While it is well known that increasing monounsaturated fat intake reduces LDL cholesterol, it is not clear what causes this change. We proposed that production by the liver of small very-low-density lipoproteins (VLDL2) - the lipoprotein particles which are broken down in the blood to form LDL particles - would be reduced when dietary monounsaturated fat intake was increased, thereby lowering LDL cholesterol. We sought to test this proposal using highly specialised tracer techniques.
Increases in the levels of blood fats occurring during the hours after eating foods containing fat are thought to play an important role in promoting the build-up of fatty deposits on the walls of blood vessels. Thus, another objective of this study was to determine whether increasing consumption of monounsaturated fats would alter the body's ability to deal with dietary fat.
Thirty-five men and women with moderately elevated blood cholesterol levels took part. All subjects consumed three different diets, each for six weeks, which contained low, moderate or high levels of monounsaturated fats. The diets were given in a random order. To alter the amount of monounsaturated fat in the test diets, subjects were given test margarines and baked goods (e.g. biscuits) containing varying amounts of monounsaturated fat and were instructed to consume these in place of their usual margarines and test spreads. Thus the subjects' monounsaturated fat intake was varied in the context of their normal diet.
At the end of each diet, blood samples were taken for analysis. After the high and low monounsaturated fat diets, 18 subjects were given a high-fat milkshake and their blood fat responses were assessed. The other 17 subjects were given an injection of a tracer substance after the high and low monounsaturated fat diets with blood samples taken for 48 hours to determine production and breakdown rates of the lipoprotein particles from which LDL particles are formed.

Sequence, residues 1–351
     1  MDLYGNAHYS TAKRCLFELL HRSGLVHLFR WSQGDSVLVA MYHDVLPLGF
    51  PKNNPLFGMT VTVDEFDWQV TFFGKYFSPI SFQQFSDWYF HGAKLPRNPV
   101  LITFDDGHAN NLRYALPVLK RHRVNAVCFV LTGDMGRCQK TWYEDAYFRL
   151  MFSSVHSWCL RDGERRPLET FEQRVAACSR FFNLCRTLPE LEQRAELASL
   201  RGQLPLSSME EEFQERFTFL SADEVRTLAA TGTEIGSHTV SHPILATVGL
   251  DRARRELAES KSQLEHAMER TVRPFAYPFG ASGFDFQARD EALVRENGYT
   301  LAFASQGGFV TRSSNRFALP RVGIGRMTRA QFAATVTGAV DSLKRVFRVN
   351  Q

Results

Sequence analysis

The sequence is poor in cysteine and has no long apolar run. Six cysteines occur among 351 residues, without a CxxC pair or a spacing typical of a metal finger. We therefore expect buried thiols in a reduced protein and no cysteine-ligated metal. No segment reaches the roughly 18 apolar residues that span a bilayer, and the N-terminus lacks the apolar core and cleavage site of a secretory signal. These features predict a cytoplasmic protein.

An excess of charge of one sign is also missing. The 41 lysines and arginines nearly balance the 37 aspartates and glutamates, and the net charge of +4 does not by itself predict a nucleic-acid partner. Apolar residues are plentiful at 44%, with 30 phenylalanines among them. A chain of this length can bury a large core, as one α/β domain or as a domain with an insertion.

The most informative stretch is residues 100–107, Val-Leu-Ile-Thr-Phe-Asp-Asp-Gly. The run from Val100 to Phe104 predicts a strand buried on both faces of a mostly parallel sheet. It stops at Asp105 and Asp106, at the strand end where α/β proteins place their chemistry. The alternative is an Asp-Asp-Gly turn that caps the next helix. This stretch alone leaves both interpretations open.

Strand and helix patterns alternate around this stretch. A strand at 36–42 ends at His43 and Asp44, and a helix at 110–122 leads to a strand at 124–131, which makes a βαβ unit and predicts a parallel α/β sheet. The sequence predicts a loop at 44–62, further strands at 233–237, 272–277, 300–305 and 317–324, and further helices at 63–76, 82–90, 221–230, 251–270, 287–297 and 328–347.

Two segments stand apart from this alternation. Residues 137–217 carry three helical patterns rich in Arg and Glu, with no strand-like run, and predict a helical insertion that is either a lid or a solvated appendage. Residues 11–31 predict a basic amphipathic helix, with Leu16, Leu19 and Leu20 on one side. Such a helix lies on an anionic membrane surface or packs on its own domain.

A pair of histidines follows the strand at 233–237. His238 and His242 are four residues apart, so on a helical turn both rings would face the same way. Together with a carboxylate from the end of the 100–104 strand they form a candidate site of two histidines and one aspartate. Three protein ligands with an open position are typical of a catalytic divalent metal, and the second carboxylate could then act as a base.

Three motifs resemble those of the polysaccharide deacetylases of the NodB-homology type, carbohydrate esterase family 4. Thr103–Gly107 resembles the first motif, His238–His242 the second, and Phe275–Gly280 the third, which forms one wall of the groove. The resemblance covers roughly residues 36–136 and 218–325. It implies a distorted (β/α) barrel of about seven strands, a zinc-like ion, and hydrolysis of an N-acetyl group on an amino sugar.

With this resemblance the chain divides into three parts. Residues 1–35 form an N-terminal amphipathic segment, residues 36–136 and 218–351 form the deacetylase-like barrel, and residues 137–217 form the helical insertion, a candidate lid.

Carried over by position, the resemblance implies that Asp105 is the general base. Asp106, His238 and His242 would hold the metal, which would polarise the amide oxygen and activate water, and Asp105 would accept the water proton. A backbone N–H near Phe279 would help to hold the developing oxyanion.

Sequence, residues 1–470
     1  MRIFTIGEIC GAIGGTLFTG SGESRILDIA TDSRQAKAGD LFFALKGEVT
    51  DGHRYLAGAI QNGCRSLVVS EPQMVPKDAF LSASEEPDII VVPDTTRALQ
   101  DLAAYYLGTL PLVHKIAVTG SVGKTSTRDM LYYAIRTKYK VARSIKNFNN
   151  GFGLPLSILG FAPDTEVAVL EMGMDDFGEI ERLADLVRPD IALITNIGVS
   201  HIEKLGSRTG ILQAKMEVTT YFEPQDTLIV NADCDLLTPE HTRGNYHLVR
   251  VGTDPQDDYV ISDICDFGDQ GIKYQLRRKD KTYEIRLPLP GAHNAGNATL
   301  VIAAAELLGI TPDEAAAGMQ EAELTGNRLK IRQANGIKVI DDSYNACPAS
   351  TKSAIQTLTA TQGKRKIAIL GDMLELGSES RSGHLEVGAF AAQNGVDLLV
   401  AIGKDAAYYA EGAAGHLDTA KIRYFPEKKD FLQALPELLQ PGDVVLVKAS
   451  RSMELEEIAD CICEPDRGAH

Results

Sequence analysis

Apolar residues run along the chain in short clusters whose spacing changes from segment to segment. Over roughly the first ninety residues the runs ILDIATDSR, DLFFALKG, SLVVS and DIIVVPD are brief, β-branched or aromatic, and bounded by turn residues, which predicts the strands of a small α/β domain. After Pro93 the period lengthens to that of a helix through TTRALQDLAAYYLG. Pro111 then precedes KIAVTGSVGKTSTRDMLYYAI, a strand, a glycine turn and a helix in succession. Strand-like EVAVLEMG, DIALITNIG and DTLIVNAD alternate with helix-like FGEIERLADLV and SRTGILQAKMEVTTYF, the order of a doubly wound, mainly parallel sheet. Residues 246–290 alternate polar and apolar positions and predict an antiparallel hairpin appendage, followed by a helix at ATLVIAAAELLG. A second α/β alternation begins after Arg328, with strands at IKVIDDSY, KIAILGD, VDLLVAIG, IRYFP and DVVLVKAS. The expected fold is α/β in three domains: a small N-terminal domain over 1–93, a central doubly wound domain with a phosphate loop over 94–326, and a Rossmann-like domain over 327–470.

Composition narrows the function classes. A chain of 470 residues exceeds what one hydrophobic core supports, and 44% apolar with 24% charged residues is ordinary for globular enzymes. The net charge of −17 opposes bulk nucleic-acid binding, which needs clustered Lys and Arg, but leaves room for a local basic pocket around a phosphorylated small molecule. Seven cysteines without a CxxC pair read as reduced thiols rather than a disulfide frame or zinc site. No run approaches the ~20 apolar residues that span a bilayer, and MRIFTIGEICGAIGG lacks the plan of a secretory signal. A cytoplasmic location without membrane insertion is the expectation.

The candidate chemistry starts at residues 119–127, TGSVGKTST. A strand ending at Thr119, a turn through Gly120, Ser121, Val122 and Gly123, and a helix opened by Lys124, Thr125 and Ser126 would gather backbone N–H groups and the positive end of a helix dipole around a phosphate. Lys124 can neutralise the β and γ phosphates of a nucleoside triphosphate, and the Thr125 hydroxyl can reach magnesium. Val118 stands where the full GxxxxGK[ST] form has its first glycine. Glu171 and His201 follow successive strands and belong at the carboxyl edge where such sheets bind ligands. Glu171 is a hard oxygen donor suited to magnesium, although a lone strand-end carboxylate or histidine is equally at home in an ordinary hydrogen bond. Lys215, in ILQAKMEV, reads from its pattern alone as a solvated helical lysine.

Results and Findings
Changing from the low to the moderate monounsaturated fat diet reduced LDL cholesterol by 5 % and changing from the low to the high monounsaturated fat diet reduced LDL cholesterol by 12 %. Blood levels of other lipoproteins (including HDL) did not change after any of the diets and there were no differences in the blood fat responses to the test milkshake between the low and high monounsaturated fat diets. Production and breakdown rates for the precursor particles to LDL were also unaffected by the monounsaturated fat content of the diet. This suggests that reduction in LDL cholesterol induced by increasing dietary monounsaturated fat was not caused by a reduction in the production rate of LDL particles. Thus, the LDL reduction was likely to have been a consequence of increased removal of LDL particles from the circulation by the liver.
The cholesterol lowering achieved in changing from the low to the high monounsaturated fat diets would be predicted to reduce heart disease risk by about 13 % - a clinically important reduction for this group of subjects with moderately elevated cholesterol levels. Moreover, this cholesterol reduction was achieved with subjects making relatively small changes to their normal diets, substituting their usual margarines and baked goods with monounsaturated fat-rich alternatives. Thus, this change is likely to be readily achievable in practice.
This study has also shown that the effects of monounsaturated fats on lipoproteins are almost exclusively limited to LDL and has increased understanding about the way in which monounsaturated fats reduce LDL cholesterol levels.
Sanderson, P., Gill, J. M. R., Packard, C. J., Sanders, T. A. B., Vessby, B. and Williams, C. M. (2002) UK Food Standards Agency cis-monounsaturated fatty acid workshop report. Br J. Nutr. 88, 99-104.